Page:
Whew. That was an exhausting opener. Sometimes Big Love stretches just a little too far to live up to the "Big" part of its title. How many times do you think they had to send an intern out for more index cards while storyboarding that episode? (Probably at least one time before they realized you don't have to buy index cards individually. There are 300-card packs now.)
But first things first: In its fourth season, everyone's favorite polygamist melodrama has a new title sequence: Bill Henrickson and his three dreamy wives perpetually falling in what can only be described as outer darkness. Gone are the quirky little ice skating rink, the veils of heaven, the family dinner at a table atop the globe, the Beach Boys soundtrack. Now the husband and wife and wife and wife don't find each other in the end. They're floating, thoroughly unmoored through the pretty darkness. What does it all mean? Are the Henricksons lost—well, more lost than usual? Are they destined to separate? With the death of Roman Grant, will this season mercifully narrow its focus to the immediate Henrickson clan?
With the first scene of this season's premiere episode, it seemed that the answer to that last question was a resounding, "Not likely." Sure, the Henricksons were at their church—a church that Bill memorably started himself in the last scene of Season 3, after he took Roman's advice and wrested the keys of power from God, and gathered the family round the pool for a Wonder Bread communion. But now the Church of Henrickson, Embry & Sons isn't just Dixie cups and Wonder Bread in the backyard. It has a storefront. Don and his remaining wife are members. Apparently, Bill has taken his small idea to make a church for his family and done the only thing he knows how to do with any idea—expand it.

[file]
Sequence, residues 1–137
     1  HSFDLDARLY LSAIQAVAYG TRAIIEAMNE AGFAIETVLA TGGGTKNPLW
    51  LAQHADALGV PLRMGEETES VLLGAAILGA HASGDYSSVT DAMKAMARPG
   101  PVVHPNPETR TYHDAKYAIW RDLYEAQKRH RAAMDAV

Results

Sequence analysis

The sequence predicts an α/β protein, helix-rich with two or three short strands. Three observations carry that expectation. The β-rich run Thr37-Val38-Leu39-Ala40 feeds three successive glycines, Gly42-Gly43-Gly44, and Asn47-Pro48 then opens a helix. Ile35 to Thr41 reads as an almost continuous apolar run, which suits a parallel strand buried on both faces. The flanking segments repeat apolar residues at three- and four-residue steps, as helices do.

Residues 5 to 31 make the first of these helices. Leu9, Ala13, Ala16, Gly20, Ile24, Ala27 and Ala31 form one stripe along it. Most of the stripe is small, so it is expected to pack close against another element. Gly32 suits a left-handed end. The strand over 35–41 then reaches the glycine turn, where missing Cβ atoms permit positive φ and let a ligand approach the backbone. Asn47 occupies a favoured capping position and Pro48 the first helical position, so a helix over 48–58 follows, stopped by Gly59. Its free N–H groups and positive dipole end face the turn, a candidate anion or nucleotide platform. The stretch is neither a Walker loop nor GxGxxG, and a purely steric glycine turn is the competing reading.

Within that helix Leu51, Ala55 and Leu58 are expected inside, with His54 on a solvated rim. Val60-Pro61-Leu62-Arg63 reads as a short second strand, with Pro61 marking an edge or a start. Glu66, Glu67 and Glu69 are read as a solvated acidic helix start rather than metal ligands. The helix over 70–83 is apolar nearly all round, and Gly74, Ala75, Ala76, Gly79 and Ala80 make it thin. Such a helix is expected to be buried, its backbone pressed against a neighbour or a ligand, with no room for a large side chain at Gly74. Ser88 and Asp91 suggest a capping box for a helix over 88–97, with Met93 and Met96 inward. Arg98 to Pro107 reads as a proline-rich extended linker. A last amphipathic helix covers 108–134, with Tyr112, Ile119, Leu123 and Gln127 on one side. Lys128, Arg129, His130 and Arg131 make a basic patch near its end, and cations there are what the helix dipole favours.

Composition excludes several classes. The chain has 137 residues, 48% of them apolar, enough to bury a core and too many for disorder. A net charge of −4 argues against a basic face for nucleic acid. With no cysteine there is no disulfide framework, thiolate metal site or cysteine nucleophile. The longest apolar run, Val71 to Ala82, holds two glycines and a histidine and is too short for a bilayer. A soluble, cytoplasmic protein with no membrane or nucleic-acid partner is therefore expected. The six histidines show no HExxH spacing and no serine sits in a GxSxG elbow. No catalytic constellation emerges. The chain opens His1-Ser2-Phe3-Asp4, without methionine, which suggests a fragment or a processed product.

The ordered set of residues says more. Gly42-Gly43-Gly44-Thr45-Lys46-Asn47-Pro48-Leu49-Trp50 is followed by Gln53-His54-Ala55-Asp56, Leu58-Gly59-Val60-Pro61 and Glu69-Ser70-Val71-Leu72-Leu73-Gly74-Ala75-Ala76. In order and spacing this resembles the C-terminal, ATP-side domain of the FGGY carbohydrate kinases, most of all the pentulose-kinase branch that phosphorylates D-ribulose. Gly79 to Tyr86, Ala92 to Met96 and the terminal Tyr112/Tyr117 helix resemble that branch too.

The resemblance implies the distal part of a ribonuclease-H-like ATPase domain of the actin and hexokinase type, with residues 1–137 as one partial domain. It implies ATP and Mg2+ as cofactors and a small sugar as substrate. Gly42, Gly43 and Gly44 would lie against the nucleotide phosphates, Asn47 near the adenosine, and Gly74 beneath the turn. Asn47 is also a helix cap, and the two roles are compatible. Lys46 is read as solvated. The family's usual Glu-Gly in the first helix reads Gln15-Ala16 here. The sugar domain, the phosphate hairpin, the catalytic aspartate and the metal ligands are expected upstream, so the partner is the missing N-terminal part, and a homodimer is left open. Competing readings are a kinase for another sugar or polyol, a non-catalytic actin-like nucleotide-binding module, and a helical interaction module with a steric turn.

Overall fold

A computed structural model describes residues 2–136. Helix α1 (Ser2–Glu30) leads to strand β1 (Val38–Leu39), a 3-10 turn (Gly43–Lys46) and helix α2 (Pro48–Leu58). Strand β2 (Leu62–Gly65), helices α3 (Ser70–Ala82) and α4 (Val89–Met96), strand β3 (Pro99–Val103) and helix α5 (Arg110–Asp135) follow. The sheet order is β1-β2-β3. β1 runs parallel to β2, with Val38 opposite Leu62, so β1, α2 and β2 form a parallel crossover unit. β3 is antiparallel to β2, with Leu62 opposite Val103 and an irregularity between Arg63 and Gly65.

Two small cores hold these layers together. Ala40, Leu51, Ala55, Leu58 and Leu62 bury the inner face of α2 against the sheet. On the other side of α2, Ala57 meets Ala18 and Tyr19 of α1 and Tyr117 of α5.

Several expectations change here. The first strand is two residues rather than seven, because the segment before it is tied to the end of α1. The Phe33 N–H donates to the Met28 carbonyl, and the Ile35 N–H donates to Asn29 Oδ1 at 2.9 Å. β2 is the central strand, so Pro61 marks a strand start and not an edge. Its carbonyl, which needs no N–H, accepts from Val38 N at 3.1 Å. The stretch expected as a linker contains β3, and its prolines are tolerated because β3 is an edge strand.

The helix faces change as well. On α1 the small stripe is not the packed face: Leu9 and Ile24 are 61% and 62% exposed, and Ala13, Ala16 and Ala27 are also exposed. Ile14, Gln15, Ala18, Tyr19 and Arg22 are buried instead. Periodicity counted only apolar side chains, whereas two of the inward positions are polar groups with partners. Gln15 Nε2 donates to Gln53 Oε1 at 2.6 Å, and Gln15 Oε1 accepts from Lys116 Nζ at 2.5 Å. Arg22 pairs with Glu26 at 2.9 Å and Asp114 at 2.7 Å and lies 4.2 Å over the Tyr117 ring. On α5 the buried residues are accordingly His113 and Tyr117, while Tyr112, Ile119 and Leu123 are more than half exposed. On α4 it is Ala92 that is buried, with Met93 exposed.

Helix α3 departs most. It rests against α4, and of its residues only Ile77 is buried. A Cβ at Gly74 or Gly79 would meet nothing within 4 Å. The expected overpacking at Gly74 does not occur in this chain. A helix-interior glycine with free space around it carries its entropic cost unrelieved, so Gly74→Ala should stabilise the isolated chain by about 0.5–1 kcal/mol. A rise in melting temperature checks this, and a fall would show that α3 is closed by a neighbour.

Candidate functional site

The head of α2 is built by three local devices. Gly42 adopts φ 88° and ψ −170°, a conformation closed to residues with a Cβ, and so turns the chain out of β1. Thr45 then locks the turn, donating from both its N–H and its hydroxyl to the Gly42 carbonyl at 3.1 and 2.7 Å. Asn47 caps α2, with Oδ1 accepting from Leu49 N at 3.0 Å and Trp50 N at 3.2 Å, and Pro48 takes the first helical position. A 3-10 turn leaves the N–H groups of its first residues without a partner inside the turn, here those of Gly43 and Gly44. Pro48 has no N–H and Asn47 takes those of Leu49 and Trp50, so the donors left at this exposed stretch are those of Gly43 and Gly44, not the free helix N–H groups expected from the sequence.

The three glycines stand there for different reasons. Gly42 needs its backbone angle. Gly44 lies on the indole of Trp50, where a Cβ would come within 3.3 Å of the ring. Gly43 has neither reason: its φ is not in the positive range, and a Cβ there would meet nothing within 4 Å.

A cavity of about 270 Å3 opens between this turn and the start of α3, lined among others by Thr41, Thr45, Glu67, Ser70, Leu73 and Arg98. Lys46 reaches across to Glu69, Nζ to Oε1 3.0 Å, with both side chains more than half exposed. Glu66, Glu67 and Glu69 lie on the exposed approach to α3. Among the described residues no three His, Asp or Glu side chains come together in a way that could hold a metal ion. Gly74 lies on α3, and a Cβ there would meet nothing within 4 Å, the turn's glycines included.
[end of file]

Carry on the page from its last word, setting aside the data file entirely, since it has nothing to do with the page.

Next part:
Expansion, obviously, is an ongoing theme in Big Love. Bill, the guy with three wives, the guy whose home supply store is called Home Plus, always wants more, more, more of everything. In Season One, Bill wanted to open a second Home Plus location. In Season Two, Bill wanted to acquire Weber Gaming, even though the second Home Plus was still brand new. In Season Three, Bill wanted a casino, ahem, excuse me a "Blackfoot Magic Casino And Family Fun Center," and a fourth wife, Ana. It's no coincidence that the one thing that made Bill smile in this episode was the moment when Barb had the casino security officer unlatch the suitcase to reveal stacks and stacks of green, green cash. Bill is greedy to the core, although somehow he manages to convince himself that it's a virtue.